Household Spending in Japan Continues to Decline in November Following the Sales Tax Hike
Arslan Butt • 1 min read
Household spending in Japan declined for the second consecutive month in November, possibly as a fallout effect of the sales tax hike which was implemented in October. Household spending declined by 2% YoY in November, slightly better than the 5.1% decline seen in October, but worse than economists’ forecast which was for a 1.7% decline.
On the positive side, spending increased by 2.6% MoM, but the monthly gain was also less than economists’ expectations which was for an increase of 3.4% in this figure. For now, it remains unclear whether household spending could pick up in the coming months or if consumers are going to remain weighed down by the weak economic conditions as well as the higher sales tax.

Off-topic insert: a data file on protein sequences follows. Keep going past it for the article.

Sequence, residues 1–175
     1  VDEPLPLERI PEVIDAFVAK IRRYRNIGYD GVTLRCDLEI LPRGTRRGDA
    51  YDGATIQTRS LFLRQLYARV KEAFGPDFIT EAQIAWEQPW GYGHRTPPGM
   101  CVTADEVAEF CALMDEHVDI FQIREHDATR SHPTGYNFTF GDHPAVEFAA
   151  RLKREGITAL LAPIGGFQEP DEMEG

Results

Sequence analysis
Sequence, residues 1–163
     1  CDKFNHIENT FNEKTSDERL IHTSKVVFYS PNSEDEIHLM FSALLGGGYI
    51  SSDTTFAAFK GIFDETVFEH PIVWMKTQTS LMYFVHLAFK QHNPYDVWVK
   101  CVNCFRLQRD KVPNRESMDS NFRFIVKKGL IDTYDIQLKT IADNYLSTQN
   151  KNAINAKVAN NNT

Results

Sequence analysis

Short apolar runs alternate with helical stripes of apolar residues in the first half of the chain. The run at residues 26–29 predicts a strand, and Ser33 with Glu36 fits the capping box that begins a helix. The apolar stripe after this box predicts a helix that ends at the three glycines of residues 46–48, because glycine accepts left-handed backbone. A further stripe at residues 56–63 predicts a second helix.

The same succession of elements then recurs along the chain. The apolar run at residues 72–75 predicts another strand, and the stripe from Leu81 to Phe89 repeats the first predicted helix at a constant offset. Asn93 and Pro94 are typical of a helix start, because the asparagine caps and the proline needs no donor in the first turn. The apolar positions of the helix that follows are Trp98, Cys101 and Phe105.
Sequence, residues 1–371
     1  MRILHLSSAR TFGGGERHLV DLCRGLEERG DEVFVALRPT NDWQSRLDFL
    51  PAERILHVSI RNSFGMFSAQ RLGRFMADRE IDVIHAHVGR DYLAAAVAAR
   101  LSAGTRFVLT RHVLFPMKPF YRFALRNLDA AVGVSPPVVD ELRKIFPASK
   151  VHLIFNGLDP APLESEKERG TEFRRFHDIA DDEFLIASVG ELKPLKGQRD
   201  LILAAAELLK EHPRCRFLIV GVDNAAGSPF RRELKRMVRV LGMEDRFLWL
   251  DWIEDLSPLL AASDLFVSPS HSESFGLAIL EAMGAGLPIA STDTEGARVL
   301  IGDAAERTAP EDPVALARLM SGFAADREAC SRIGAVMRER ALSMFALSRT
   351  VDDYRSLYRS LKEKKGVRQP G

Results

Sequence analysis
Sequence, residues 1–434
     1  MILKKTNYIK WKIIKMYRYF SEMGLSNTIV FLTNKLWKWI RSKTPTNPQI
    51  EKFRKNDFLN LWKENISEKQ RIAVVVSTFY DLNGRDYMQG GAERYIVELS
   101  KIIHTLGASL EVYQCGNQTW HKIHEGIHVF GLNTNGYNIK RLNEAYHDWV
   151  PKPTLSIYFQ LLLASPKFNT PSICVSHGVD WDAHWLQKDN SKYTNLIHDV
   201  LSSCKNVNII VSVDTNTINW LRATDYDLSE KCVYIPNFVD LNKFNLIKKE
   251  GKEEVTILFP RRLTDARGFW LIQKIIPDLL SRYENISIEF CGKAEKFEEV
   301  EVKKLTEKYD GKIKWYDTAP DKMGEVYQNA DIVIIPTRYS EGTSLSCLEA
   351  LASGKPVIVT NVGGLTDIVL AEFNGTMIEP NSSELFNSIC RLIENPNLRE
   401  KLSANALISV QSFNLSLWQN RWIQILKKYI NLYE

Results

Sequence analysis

Amid weak inflation and continued impact of the trade war on Japan’s exports, a pick up in domestic demand and consumer spending is much needed to support Japan’s economy. The decline in consumer spending comes even as some companies have held off on passing on rising costs to consumers for fear of loss of business over higher prices.
The release of this news has failed to make much of an impact on the Japanese yen which continues to trade weak against the US dollar, driven by market sentiment on the face of receding geopolitical tensions. At the time of writing, USD/JPY is trading around a two-week high of 109.53.